SEMICONDUCTOR PROCESSING: Photovoltaics, consumer markets shine at Semicon West ’07

It is always exciting when a mature industry finds a new market or application to stimulate new growth.

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It is always exciting when a mature industry finds a new market or application to stimulate new growth. For semiconductor-equipment manufacturers, the “next big thing” appears to be photovoltaics. At this year’s Semicon West conference (July 16-19; San Francisco, CA) more than 160 semiconductor equipment, subsystems, and materials suppliers marketed their expertise in the burgeoning solar-cell/photovoltaic (PV) manufacturing sector. In addition, according to SEMI (San Jose, CA), the combined PV equipment and materials sector generated $3.7 billion in 2006, with polysilicon-driven materials accounting for most of the total. The association forecasts the overall market will top $10 billion by 2010, with thin-film tools grabbing an increasing share of the pie.

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Cameras (including their optics) for mobile phones and other personal electronic devices can now be fabricated at the wafer level, greatly reducing their size, weight, and cost. Although the cameras are only a couple of millimeters on a side, the technology is designed to scale to multimegapixel resolutions. The resulting camera modules can be mounted directly onto a printed-circuit board using a standard electronics reflow process. (Courtesy of Tessera)
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Although wafer-based crystalline-silicon (c-Si) solar cells and modules make up 90% to 95% of the current market, amorphous silicon (a-Si), CdTe (cadmium telluride), and other thin-film-based PV approaches are projected to grow at twice the rate of the c-Si sector. Thin-film advocates say that, while c-Si cells show better power efficiency, thin-film technologies can dramatically reduce production costs and ultimately module prices, thereby offering the best hope for reaching grid parity-the goal of solar power matching or bettering the per-watt cost of conventional energy utilities.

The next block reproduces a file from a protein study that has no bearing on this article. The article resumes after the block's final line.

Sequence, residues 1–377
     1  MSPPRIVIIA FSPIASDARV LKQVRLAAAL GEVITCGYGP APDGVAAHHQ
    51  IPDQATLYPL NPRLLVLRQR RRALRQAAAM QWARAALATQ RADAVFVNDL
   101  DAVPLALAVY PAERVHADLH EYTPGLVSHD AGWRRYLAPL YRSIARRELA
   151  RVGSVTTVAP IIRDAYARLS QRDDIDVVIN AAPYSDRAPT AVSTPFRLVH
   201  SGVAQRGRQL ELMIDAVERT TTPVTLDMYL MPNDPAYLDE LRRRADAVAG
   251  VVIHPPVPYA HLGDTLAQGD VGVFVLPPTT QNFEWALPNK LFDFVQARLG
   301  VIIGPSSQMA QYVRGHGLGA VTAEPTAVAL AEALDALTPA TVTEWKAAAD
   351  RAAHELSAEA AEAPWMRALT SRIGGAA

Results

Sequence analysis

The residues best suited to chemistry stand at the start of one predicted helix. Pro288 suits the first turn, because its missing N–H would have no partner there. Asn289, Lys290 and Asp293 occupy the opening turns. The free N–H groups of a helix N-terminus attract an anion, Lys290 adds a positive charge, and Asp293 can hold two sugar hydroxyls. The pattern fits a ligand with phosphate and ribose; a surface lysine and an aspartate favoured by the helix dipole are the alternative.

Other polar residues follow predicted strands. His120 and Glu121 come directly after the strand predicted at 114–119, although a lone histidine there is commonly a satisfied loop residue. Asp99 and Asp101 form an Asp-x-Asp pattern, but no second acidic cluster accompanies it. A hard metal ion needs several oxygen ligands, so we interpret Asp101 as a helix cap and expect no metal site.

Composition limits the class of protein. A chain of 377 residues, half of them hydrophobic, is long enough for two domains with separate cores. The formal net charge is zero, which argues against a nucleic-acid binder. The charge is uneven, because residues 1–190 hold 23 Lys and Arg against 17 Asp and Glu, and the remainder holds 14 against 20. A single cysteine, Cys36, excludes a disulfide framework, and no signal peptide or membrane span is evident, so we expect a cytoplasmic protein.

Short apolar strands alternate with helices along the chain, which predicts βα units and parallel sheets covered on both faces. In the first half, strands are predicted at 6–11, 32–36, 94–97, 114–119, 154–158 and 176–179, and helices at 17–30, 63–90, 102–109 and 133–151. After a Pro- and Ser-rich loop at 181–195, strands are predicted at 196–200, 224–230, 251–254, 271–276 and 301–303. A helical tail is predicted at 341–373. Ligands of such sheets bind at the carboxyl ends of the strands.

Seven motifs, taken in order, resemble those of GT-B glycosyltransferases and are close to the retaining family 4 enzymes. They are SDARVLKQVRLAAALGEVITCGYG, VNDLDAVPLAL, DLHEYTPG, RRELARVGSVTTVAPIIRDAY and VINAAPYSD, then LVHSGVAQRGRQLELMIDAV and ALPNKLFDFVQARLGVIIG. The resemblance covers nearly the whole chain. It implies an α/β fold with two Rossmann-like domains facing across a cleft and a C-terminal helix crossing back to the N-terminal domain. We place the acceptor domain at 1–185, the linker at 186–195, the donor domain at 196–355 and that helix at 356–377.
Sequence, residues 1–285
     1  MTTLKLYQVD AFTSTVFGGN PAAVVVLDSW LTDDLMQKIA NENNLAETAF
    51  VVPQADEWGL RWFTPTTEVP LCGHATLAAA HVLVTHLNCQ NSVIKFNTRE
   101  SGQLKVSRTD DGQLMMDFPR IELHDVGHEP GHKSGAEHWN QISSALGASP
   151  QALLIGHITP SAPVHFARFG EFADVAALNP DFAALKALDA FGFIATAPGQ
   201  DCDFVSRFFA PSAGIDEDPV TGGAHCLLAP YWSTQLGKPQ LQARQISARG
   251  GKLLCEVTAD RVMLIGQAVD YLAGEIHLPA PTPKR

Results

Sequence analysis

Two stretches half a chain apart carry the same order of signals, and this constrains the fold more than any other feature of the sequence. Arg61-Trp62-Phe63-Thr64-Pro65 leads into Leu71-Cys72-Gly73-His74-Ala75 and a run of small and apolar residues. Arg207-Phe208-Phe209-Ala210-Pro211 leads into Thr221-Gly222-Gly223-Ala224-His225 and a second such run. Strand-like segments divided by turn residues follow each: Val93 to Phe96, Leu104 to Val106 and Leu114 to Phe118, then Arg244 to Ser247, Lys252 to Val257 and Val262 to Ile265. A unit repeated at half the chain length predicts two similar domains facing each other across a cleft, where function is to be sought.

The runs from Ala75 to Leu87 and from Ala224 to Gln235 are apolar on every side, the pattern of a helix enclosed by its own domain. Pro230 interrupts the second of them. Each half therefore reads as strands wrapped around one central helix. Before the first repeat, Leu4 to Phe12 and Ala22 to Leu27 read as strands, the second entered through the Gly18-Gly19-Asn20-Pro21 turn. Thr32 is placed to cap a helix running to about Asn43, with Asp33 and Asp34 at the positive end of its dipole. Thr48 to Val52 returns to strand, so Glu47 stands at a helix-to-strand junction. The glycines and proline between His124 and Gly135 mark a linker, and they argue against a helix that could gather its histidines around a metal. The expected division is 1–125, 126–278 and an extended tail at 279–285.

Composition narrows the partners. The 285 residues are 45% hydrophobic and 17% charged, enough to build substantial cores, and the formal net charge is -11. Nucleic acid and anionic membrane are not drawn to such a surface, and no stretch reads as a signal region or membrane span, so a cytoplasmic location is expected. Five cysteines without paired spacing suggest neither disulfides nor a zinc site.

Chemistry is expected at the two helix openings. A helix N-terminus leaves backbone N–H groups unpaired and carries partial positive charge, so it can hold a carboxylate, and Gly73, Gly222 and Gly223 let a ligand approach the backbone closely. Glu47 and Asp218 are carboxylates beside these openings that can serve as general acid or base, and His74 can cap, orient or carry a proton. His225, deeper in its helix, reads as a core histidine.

While the semiconductor community is drawing inspiration from the emerging PV market, the semiconductor-equipment market is expected to grow only 1% this year, to $40.9 billion in 2007 (compared to 23% growth in 2006), according to the mid-year edition of the SEMI Capital Equipment Consensus Forecast released at Semicon West. However, SEMI anticipates 7% growth in the market in 2008 and 4% the following year, reaching $45.5 billion in 2009.

The problem this year is not in unit sales but in pricing. George Scalise, president of the Semiconductor Industry Association noted that device revenues are expected to grow only 2% in 2007, not the 10% originally predicted by an earlier SIA forecast. But he and others maintain that, while unit demand remains strong, aggressive pricing has depressed average selling prices. Even so, the general consensus is that the current slowdown should last only one to three quarters and will not have as big an impact on equipment sales as in the past.